What are the parts of a solar energy system?

If you are new to solar energy, understanding all the technical terms and parts involved in module installation can be overwhelming. You may have many questions before deciding to bring solar energy into your life!

Today, we will look at the different components that make up a solar energy system.

Photo from Solar Advice

Take a look at the pictures above and below. Here you will see that the solar energy system is relatively simple. As you see from the above picture, the solar energy system consists of solar modules, a mounting system, an inverter, your current electrical panel and a meter! These components connect together and then connect to the transformer on your electrical utility pole!

Let's go a little more in-depth and discuss the importance of each of these components! Today we will cover solar modules!

Solar modules

Solar modules are the main component that interacts with the sun. The module absorbs the sun's rays into solar cells, which then creates a photovoltaic effect. The photovoltaic effect is a physical and chemical reaction that makes some materials work together to produce an electric current when the sun hits the area [1].

The cells make up the module, and they loosen the electrons from their atoms and creates energy that flows across the module. When the electrons are flowing freely, this creates the production of electricity. From here, the electricity flows inward to your home or business [2].

Diagram from Kite electric

Types of solar modules

Did you know there are many different kinds of solar modules? The two main types of modules are monocrystalline and polycrystalline.

What's the difference?

While both types do the same thing, the difference between monocrystalline and polycrystalline is that the monocrystalline is considered to be a higher premium solar product. This is because these modules are higher efficiency and are sleeker in design. This keeps the bulkiness of solar energy off your roof!


When this type of module is made, silicon wafers are formed into bars and then sliced into thin wafers—called mono because it is single-crystal silicon, allowing more space for the electrons to flow! [3]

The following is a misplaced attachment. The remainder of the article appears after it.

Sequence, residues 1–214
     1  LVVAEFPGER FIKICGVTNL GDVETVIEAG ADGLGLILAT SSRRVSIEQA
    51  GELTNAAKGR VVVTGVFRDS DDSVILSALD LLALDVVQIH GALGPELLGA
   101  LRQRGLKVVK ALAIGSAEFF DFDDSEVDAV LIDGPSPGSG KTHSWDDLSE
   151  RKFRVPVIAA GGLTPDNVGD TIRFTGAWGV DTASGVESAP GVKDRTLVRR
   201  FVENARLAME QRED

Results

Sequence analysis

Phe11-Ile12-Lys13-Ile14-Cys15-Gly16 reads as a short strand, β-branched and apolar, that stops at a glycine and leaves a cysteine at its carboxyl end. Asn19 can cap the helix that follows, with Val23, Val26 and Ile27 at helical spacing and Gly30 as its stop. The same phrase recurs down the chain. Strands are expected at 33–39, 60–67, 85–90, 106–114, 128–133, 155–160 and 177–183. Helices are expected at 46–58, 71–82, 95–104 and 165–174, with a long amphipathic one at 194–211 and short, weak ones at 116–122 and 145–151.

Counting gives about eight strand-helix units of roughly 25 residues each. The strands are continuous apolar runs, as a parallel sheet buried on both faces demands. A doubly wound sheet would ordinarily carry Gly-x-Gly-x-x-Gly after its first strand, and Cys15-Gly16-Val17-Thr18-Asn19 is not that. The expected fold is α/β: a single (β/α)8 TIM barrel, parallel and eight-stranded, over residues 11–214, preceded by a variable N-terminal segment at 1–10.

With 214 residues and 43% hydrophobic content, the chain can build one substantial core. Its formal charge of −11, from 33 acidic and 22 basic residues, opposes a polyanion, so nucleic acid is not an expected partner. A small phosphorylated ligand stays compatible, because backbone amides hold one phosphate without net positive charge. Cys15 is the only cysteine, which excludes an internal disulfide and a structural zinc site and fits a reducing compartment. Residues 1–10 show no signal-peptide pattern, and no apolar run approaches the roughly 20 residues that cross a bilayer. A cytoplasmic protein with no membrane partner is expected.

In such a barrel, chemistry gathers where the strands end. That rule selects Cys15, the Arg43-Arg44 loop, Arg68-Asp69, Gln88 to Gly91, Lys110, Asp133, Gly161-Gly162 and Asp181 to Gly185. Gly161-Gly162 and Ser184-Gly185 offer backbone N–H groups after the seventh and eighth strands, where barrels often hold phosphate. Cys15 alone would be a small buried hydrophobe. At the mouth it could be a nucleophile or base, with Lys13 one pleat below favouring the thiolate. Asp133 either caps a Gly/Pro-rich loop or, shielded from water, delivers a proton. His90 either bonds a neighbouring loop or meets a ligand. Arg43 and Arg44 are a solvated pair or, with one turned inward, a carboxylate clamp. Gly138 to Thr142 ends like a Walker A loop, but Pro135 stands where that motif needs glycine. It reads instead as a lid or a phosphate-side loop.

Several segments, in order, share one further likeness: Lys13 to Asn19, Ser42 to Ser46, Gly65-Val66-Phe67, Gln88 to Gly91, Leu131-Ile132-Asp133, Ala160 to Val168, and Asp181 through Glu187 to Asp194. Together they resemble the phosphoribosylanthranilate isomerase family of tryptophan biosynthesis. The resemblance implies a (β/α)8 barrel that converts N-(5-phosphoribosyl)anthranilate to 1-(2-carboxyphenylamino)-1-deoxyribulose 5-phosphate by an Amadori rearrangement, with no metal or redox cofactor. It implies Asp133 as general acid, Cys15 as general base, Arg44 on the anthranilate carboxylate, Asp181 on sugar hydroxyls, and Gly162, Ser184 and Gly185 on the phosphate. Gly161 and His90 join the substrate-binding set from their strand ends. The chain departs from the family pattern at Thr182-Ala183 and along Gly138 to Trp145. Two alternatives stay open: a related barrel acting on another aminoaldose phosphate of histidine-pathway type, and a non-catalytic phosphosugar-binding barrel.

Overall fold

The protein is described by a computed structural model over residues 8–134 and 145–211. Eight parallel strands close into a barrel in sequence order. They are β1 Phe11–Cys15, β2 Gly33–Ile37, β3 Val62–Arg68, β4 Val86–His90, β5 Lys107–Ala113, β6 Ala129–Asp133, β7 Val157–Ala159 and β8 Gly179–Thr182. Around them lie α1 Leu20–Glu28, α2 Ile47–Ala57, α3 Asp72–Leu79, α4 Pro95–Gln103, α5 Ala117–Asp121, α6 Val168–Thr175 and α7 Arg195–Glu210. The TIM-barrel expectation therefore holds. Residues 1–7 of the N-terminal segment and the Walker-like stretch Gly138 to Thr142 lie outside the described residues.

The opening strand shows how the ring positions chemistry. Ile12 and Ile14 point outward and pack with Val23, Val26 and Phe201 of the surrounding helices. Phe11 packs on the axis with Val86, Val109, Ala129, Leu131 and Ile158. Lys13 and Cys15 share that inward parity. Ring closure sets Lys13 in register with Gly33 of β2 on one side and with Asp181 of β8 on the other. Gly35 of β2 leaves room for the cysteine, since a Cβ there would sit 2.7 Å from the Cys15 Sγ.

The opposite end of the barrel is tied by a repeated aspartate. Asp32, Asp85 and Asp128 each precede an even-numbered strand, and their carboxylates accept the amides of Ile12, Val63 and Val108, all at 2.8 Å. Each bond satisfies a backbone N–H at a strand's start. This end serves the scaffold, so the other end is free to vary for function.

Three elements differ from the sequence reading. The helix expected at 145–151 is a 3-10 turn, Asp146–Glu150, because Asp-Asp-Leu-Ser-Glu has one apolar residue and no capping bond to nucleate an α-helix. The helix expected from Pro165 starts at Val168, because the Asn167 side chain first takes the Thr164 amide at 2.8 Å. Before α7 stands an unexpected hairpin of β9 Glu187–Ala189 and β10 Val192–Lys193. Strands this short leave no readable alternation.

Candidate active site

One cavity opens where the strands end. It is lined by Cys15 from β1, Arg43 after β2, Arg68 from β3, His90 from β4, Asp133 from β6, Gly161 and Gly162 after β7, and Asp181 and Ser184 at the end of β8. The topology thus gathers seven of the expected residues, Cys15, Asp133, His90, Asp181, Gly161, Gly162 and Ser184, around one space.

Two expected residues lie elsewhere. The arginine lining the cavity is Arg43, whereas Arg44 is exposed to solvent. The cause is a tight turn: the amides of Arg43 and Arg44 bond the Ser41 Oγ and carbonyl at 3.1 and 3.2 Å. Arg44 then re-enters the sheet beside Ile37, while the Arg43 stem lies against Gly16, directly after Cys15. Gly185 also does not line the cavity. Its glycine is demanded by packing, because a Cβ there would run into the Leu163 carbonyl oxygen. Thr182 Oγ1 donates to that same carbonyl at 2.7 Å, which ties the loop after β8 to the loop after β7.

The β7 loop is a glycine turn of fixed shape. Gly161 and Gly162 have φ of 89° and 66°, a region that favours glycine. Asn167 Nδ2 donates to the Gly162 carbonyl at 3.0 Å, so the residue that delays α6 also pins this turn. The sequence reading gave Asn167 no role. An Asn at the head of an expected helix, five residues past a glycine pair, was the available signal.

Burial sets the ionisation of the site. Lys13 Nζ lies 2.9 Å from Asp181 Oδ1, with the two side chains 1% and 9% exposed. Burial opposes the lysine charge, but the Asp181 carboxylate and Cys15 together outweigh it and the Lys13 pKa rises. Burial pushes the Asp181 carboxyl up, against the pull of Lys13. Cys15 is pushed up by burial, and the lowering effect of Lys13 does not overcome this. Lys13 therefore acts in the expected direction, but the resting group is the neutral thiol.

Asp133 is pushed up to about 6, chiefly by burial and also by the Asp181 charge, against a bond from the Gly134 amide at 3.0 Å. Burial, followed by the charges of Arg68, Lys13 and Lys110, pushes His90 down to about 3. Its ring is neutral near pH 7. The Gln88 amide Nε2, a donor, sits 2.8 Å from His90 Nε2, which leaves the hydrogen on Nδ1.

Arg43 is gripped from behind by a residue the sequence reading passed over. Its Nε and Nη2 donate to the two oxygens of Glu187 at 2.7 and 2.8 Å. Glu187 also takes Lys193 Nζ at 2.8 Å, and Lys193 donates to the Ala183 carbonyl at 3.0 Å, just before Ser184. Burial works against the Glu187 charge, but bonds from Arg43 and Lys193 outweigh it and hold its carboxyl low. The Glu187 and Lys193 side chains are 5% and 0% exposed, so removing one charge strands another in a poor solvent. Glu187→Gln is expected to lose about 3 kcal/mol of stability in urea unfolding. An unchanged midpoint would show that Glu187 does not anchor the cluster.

Polycrystalline solar modules are made up of multiple melted silicon fragments to produce wafers for the module. The electrons in this type of design have less space to move, and the efficiency is considered lower [4][1], but these types of modules have come a long way with their technology.

Both types of modules are available for installation, depending on what you prefer!

What are solar modules made of?

Most solar modules are made of silicon which is a semiconductor material. Silicon is an excellent material as it is in abundance on the planet and helps keep module production low. It is also non-toxic and allows for the sun to produce more electricity for you![5] An anti-reflective material covers the cells to ensure maximum sunlight absorption. There is also glass that protects the cells from being damaged.

Check out the photo below to see the general makeup of a solar energy module!

Photo by longi solar

P-type and N-type

The P-type and N-type layers within a solar module are also essential but could confuse those unfamiliar with solar energy. To make it simple, P = positive and N= negative! So the P- layers are the positive charge for the solar module, and the N is the negative charge! [6]


The energy that comes from solar modules is DC (direct current); it can technically be used in that form – however, an inverter turns that energy into AC (alternating current) which is better for the electrical appliances and devices in your home and is less likely to create a power surge in your home [7].

Photo by longi solar


SEAAA ensures its partners use the highest quality of technology and innovation in their installs. The manufacturers we recommend for solar modules include Canadian Solar, Longi, Hanwha Q-Cell.

[1]  (Solar Metric, 2021)

[2]  (Solar Metric, 2021)

[3]  (Solar Magazine, 2020)

[4]  (Solar Magazine, 2020)

[5]  (Solar.com, 2019)

[6]  (Solar Metric, 2021)

[7]  (Solar Metric, 2021)


Solar Magazine. (2020, 07 28). [Comparison] Monocrystalline vs Polycrystalline Solar Panels. Retrieved from https://solarmagazine.com/solar-panels/monocrystalline-vs-polycrystalline-solar-panels/

Solar Metric. (2021, 05 27). How Do Solar Panels Work? Retrieved from https://solarmetric.com/learn/how-do-solar-panels-work/

Solar.com. (2019, 09 05). What are solar panels made of? Retrieved 05 27, 2021, from https://www.solar.com/learn/what-are-solar-panels-made-of/

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